United States District Court, D. Oregon, Pendleton Division
CORRECTED OPINION AND ORDER
PATRICIA SULLIVAN United States Magistrate Judge
DariTech, Inc., brings this action for breach of contract and
related claims against defendant Greg Te Velde, formerly
doing business as Willow Creek Dairy, and doing business as
Lost Valley Farm, to recover the unpaid balance on dairy farm
equipment and services that plaintiff provided defendant.
Defendant has not appeared or otherwise taken any action in
this matter. The Court entered default on March 6, 2018.
(Docket No. 9). Plaintiff filed a Motion for Default Judgment
(Docket No. 10), on which the Court, finding the Motion
deficient, ordered supplemental briefing (Docket No. 14).
Plaintiff then filed an Amended Motion for Default Judgment.
(Docket No. 15). On April 30, 2018, plaintiff filed a Notice
that defendant filed for Chapter 11 bankruptcy on April 27,
2018, in the Eastern District of California. (Docket No. 18).
On August 28, 2018, the Court stayed this matter pending the
bankruptcy proceedings. (Docket No. 19). On August 31, 2018,
plaintiff filed a Notice that the Bankruptcy Court had
approved relief from the automatic stay of bankruptcy.
(Docket No. 20).
November 15, 2018, plaintiff filed an Unopposed Motion for
Entry of Judgment Consistent with Stipulation between Parties
and Order of Bankruptcy Court. (Docket No. 22). Pursuant to
the stipulation between the parties, the parties move for
this Court to enter Judgment in favor of plaintiff and
against defendant in the amount of $396, 271.47. The Court
GRANTS plaintiff's motion.
is a dairy equipment company that manufactures, supplies, and
installs dairy farm equipment. Compl. ¶ 7 (Docket No.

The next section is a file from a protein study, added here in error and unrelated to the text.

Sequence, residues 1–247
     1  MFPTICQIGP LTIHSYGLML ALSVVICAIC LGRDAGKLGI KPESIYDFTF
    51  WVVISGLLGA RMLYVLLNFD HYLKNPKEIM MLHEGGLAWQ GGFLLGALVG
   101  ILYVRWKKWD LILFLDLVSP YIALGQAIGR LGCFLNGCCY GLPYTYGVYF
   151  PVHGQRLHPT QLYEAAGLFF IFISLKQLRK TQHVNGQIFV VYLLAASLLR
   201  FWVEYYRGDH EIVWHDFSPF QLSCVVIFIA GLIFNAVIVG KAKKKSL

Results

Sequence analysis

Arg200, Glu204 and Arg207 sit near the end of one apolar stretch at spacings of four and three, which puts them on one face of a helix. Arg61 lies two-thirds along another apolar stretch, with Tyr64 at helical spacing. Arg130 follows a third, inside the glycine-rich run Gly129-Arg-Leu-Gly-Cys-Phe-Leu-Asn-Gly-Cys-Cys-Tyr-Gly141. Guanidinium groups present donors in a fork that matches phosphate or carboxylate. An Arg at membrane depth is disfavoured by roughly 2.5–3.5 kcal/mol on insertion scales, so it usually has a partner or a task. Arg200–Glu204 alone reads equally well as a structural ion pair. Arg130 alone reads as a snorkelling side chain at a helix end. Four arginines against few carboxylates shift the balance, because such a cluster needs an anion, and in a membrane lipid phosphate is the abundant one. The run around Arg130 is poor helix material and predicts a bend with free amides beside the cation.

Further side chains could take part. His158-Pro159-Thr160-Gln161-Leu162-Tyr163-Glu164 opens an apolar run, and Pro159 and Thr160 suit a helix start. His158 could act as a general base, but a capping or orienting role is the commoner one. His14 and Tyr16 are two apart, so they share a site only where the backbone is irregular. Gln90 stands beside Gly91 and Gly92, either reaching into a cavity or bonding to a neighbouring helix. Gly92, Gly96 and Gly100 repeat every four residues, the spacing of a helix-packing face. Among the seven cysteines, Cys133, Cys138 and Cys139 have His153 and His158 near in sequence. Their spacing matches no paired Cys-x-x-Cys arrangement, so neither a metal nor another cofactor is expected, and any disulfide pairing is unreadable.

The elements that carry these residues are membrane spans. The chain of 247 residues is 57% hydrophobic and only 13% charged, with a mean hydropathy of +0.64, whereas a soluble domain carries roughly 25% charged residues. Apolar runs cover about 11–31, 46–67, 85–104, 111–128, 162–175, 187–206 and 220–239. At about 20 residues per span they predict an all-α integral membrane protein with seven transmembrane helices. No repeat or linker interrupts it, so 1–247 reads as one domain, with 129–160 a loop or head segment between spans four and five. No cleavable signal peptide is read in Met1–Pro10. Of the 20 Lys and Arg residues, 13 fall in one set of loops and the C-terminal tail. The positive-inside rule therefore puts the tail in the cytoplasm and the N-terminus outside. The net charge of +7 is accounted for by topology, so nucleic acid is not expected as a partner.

1); Suppl. DeWaard Decl. ¶ 2 (Docket No. 16). Defendant
had been developing and improving property in Morrow County,
Oregon, to operate a dairy farm. Compl. ¶ 6; Suppl.
DeWaard Decl. ¶ 3.
March 2016, defendant ordered various pieces of dairy farming
equipment from plaintiff. Compl. ¶ 8; Suppl. DeWaard
Decl. ¶ 4. Defendant agreed to pay $862, 952 for the
equipment. Id. Defendant made a 10% down payment in
March 2016, with 70% of the agreed price to be paid upon
delivery, and the remaining 20% to be paid within 30 days of
completion of the order. Id. Plaintiff completed
installation of the order in July 2017. Compl. ¶ 9;
Suppl. DeWaard Decl. ¶ 5. Defendant then ordered
additional equipment and services, in the amount of $342,
993.16, which plaintiff delivered and provided. Compl. ¶
10; Suppl. DeWaard Decl. ¶ 6.
has invoiced defendant and demanded payment for the supplied
equipment, labor, service, and parts, but defendant has
failed to pay the full balance owed. Compl. ¶ 11; Suppl.
DeWaard Decl. ¶ 7. As of March 6, 2018, defendant had
paid plaintiff $820, 236.54, leaving a balance owed to
plaintiff of $376, 146.06, including interest. Id.;
see Compl., Exs. 1 & 2; Suppl. DeWaard Decl.
¶ 7, Exs. 1 & 2.
was served with the Summons and Complaint in this action by
substitute service on January 29, 2018, with follow-up
mailing completed on January 30, 2018. (Docket No. 4). Proof
of service was filed February 5, 2018. Id. On
February 21, 2018, defendant's attorney contacted
plaintiff's attorney and informed her that defendant did
not dispute the Complaint's allegations, did not intend
to contest the matter, and agreed that default judgment was
appropriate. Schleicher Decl. ¶ 4 (Docket No. 7).
Defendant failed to appear, plead, or otherwise defend this
action. Id. ¶ 5.
an entry of default against an unresponsive defendant, a
court may grant default judgment in plaintiff's favor and
award damages. Fed.R.Civ.P. 55(b)(2). “The district
court's decision whether to enter a default judgment is a
discretionary one.” Aldabe v. Aldabe, 616 F.2d
1089, 1092 (9th Cir. 1980). In exercising its discretion, the
court considers the following factors, as articulated in
Eitel v. McCool:
(1) the possibility of prejudice to the plaintiff, (2) the
merits of plaintiff's substantive claim, (3) the
sufficiency of the complaint, (4) the sum of money at stake
in the action; (5) the possibility of a dispute concerning
material facts; (6) whether the default was due to excusable
neglect, and (7) the strong policy underlying the Federal
Rules of Civil Procedure favoring decisions on the merits.
782 F.2d 1470, 1471-72 (9th Cir. 1986). Upon entry of
default, the non-responding party is deemed to have admitted
the factual allegations against him, except allegations of
damages. Fed.R.Civ.P. 8(b)(6); Geddes v. United Fin.
Group, 559 F.2d 557, 560 (9th Cir. 1977). Thus, the
court accepts plaintiff's pleaded facts as true, but
plaintiff must prove damages. TeleVideo Sys.,
Inc. v. Heidenthal, 826 F.2d 915, 917-18 (9th Cir.
Whether to Grant ...